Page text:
UC And Social business

communication - looking hearing talking
(P. Shanks - Image)
When you think of social business does unified communication jump to mind?  When you think of unified communication, does social business jump to mind?  No?  My guess is that you are not alone but for me, they do go hand in hand.  Why?

Social Business is about improving communication and collaboration and sharing in real time, near real time, and non-real time.  The typical mechanisms used in social business include activity streams, discussion forums, question and answer, ideations, etc.  All tools that improve collaboration and communication. And these ideas translate very well into working with clients and customers.  But they don't provide every mechanism that people use to communication. 

So this is where unified communication fits in.  Imagine a scenario where an two employees are collaborating on a document.  Let's call them Jim and Judy.  Jim is actively working on the document and runs into a problem.  He needs to contact Judy to ask her opinion.   What does Jim do today?  he looks Jill's name up in the company directory, and calls her using his desk phone.  Or maybe he opens his chat application find her name in his contacts list and starts a chat session with her.  Or maybe he opens his video chat application and starts a video chat with her.  In each of these scenarios, Jim had to find the information or open the application to start the real time communication.  But why?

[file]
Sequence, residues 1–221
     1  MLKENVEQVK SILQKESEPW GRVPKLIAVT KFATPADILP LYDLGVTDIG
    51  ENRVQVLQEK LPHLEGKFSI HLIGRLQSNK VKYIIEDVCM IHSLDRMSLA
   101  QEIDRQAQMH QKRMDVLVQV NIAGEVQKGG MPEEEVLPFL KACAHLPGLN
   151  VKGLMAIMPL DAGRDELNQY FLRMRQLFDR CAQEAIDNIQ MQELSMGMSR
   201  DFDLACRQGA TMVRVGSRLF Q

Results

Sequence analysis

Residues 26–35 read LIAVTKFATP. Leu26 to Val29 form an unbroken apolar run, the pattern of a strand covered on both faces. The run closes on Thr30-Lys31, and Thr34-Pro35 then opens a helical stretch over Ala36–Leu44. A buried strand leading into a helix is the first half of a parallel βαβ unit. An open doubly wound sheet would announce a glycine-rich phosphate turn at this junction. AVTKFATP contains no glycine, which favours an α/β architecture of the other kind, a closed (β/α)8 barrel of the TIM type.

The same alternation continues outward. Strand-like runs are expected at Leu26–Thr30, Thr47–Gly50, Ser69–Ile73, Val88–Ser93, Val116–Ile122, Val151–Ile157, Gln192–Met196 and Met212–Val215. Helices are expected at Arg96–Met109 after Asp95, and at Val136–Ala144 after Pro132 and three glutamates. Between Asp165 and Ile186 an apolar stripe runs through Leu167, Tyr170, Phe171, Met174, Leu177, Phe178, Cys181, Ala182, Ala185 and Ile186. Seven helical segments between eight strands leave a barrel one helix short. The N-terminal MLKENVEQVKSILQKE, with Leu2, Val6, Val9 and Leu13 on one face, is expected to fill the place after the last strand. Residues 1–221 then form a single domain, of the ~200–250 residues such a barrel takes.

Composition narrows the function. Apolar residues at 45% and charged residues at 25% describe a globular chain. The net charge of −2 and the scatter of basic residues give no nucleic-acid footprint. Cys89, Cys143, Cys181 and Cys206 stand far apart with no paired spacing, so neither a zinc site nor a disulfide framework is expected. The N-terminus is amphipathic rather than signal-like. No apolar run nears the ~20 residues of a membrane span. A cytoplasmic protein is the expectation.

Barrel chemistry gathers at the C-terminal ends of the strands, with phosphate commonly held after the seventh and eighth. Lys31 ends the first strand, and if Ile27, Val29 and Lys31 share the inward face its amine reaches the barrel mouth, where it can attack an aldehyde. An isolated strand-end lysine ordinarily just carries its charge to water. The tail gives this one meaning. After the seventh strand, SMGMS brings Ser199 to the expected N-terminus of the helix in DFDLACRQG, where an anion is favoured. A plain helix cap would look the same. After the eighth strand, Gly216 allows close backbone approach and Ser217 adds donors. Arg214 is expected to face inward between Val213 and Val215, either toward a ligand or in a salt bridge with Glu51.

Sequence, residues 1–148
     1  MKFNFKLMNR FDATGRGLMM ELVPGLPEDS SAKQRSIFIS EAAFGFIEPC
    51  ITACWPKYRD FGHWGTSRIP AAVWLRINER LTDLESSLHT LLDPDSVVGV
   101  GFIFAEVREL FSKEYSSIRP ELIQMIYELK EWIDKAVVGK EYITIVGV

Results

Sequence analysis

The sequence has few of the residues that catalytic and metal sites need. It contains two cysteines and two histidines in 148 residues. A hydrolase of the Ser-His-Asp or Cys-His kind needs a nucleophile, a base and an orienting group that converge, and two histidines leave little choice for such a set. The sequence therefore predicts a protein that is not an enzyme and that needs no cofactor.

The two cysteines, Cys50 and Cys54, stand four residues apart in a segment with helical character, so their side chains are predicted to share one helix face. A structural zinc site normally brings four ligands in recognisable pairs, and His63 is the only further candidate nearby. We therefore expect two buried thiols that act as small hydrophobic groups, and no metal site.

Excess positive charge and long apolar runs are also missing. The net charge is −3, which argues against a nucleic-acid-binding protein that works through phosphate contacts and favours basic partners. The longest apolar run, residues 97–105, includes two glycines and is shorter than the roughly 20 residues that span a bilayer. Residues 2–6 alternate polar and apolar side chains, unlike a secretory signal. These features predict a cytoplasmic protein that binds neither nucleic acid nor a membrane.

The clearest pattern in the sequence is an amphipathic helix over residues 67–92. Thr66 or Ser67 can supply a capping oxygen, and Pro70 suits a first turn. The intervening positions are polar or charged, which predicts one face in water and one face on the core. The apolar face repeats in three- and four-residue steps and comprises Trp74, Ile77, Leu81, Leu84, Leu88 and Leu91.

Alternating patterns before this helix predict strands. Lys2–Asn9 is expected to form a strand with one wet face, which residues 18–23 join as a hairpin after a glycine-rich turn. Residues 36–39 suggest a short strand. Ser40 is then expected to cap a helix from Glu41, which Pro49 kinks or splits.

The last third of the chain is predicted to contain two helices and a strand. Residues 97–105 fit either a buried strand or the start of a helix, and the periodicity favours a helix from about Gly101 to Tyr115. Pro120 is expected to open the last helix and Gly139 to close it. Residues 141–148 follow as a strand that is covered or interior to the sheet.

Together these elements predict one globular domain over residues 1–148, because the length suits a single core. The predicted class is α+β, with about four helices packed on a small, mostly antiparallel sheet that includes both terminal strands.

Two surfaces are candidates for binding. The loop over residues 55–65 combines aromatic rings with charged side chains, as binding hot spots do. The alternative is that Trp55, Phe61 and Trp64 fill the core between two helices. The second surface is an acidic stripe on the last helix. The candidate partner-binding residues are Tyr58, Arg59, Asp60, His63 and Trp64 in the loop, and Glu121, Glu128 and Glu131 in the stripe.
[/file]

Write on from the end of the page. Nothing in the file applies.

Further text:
Why couldn't Jim click Judy's name, which has been associated with the document and start a chat session her?  or call her?  or start screen sharing session?  or start a real time collaboration / co-authoring session with her?  If unified communication was integrated into the base system, this could be possible.

Let's imagine a second scenario.  Imagine that Jim is working with a client/customer named Jawad.  Jim and Jawad is a highly valued client / customer and has an initiative that requires both Jim and himself to work together on multiple documents and have many interactions together.  Today they use email and phone calls to make this happen. The documents that need to be edited are sent via email and versions are created on top of versions - with each keeping their own set of "versions".  The job gets done, but only after 40 - 100 emails and several phone calls that had to be scheduled.